Drugs Sou Sou (DSS) founder Kerron Clarke, centre, speaks to police officers outside his home after it was raided in October. ABRAHAM DIAZ
Rhondor Dowlat-Rostant

Drugs Sou-Sou founder Kerron “Preeze” Clarke in admitting that he has received fresh death threats and is pleading with the general public to stop believing rumours about him owning assets such as houses, yachts, planes and a room full of money

In a seven-minute, 16-second video released on social media on Wednesday, Clarke said the rumours levelled against him were “more tiring than the investigation itself.”

Regards the death threats, Clarke said, “Everybody bad these days. So people will feel entitled and be on the firm belief and go and do what I will call ‘block talk’ and that is a real illiterate term to go with because I cannot understand how someone can say I heard Preeze buy a yacht. Who told you that, Derek and Derek don’t lie. Come on, where is the proof? Where is the evidence towards that? Stop take chain up on the block. Stop take rumours. Stop take unnecessary talk.”

Clarke assured that he is still in T&T and did not have plans of going anywhere.

The video came hours after the T&T Police Service revealed that an application he had made to get the money they seized from his operation returned was denied by an Arima magistrate.

In addressing other rumours, Clarke said: “I do not have several houses, I have not bought any commercial buildings, yachts, planes, gas stations, I had no dealings with Piarco International Project, I was not the main contractor in the Red House, I did not get a contract for Tobago airport, I do not have a room for money, I am not out there spending people sou-sou money, I have not rented any condos.

“So much of nonsense, all of the allegations, rumours pertaining to assets, relationships and different businesses under my name are false. No one has received any refund from me, whether it be police, members of the Defence Force, community leaders and single parents. I could guarantee that every rumour you hear, please take it with a pinch of salt.”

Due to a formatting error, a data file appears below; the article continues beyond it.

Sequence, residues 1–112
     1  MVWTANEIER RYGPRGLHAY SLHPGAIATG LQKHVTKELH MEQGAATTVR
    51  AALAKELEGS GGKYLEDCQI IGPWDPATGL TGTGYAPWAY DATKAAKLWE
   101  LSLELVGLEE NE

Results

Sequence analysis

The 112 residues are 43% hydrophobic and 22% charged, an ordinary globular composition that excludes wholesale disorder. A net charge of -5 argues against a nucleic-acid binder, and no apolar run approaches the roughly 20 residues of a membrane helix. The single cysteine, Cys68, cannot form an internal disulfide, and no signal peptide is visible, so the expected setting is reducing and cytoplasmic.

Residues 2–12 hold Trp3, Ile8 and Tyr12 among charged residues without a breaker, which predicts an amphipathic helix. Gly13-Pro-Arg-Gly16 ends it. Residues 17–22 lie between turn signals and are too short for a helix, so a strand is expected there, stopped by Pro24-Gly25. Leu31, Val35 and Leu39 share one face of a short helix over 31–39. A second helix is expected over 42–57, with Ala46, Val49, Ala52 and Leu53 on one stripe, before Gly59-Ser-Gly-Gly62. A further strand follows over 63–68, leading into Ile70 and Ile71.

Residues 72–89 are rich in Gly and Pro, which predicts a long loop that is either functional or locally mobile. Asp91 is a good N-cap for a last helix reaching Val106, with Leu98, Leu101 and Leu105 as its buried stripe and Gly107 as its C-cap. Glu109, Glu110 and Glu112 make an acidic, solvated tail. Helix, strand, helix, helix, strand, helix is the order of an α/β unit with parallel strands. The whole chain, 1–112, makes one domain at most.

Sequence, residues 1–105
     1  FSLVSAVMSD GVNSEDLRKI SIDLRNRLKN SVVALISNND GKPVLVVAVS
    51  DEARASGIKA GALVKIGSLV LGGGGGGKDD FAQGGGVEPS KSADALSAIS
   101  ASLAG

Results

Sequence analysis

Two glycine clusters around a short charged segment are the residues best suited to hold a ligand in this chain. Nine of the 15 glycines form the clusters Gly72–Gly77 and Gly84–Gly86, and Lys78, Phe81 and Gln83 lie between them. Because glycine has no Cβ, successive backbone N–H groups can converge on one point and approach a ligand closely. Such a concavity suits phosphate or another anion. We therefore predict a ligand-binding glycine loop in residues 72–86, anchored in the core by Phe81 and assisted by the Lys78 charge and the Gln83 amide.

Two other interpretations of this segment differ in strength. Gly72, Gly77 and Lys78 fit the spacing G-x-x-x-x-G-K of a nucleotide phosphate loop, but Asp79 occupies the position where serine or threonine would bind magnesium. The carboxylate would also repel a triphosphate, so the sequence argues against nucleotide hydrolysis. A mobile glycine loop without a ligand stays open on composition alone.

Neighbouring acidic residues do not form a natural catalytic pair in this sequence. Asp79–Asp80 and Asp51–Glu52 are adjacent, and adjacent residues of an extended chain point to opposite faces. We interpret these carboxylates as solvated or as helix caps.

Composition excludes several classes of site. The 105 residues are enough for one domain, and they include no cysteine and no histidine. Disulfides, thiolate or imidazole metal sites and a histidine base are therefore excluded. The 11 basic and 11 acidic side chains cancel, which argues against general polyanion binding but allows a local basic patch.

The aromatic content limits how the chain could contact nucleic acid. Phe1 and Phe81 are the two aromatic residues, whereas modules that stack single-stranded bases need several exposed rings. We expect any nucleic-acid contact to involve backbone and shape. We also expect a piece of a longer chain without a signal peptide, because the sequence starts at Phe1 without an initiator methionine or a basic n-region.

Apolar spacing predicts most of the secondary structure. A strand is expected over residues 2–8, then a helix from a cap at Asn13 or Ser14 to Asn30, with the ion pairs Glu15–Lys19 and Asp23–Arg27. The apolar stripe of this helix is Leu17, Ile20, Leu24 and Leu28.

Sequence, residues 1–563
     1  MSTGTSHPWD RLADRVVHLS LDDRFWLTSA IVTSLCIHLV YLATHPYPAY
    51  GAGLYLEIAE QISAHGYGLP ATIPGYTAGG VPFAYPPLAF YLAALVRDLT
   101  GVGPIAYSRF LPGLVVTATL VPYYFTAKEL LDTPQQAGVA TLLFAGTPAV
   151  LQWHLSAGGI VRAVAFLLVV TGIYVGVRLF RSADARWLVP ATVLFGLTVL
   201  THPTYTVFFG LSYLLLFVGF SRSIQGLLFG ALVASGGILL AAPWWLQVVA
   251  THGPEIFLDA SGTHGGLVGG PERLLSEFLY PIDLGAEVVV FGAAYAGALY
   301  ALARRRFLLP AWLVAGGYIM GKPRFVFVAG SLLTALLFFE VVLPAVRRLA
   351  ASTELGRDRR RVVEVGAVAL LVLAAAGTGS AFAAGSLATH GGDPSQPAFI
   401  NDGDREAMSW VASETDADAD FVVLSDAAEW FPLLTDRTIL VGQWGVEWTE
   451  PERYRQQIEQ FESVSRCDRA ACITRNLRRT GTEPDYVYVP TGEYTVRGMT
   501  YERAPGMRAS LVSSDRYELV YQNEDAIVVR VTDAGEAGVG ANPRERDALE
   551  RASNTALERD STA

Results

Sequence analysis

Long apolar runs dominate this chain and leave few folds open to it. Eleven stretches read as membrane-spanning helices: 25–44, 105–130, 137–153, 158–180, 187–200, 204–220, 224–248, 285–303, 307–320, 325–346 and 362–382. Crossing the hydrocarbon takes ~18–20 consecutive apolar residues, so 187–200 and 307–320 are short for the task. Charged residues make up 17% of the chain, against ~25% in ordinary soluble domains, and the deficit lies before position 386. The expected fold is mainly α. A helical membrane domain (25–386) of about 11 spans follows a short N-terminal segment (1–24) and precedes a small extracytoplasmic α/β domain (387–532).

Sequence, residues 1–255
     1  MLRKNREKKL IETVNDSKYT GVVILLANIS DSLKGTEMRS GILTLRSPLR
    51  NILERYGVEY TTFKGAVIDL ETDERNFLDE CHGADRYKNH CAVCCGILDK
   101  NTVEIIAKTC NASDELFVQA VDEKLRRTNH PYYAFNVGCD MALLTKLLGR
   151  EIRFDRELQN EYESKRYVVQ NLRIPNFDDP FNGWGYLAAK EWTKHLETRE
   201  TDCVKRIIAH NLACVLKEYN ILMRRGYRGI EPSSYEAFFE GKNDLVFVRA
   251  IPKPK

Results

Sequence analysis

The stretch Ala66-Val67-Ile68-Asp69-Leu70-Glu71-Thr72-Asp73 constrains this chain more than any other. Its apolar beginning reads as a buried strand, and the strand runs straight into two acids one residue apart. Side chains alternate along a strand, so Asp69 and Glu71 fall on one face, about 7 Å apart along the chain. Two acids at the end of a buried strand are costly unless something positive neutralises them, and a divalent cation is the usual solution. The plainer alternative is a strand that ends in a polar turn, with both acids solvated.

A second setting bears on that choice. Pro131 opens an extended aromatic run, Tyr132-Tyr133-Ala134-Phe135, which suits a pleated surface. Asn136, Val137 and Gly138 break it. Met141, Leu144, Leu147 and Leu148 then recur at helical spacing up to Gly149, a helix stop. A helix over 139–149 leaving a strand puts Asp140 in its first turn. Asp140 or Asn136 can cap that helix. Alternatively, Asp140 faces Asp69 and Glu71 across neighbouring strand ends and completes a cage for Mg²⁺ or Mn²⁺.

Clarke also denied statements that he had millions in his possession.

“I do not have 100 million and ten million and 15 million and all of these millions rest down somewhere…all of these people who are doing DSS maths and calculations with their Grade V in Mathematics, please do not pay any mind to it or try to justify it. Let’s be real. I’m being real. If I had a 100 million and a yacht, what am I still doing in Trinidad? Catch me if you can like the Gingerbread man – I’m being honest and truthful to you and no I do not have these things.”

On another note, Clarke said he, DSS members and some members of the public will soon be launching a Christmas drive to assist those who were affected by the current police investigation. He said they will be asking the public for donations of clothes, food, toiletries, milk and pampers and will evaluate families in need in different parts of the country.

In ending his video, Clarke assured that he is not the enemy.

“I am still here, still fighting, I am not your enemy,” he said.

On September 21, police raided Clarke’s home and seized $22 million and other documents but hours later the cash and documents were returned. That decision sparked the suspension of four police officers and the transfer of 11 others from the Northern Division. In October, police raided Clarke’s home again and seized $6.4 million and documents. They later got a court order to detain the seized funds for three months.

The case has triggered a national security crisis after intelligence reports suggested a host of senior and junior police officers, soldiers, politicians and criminal gangs were working together to launder illicit funds in a pyramid scheme in which unsuspecting people were investing money for unbelievable returns.

Currently, an investigation into DSS’ operations is ongoing with police officers from Barbados and the United Kingdom assisting in the probe.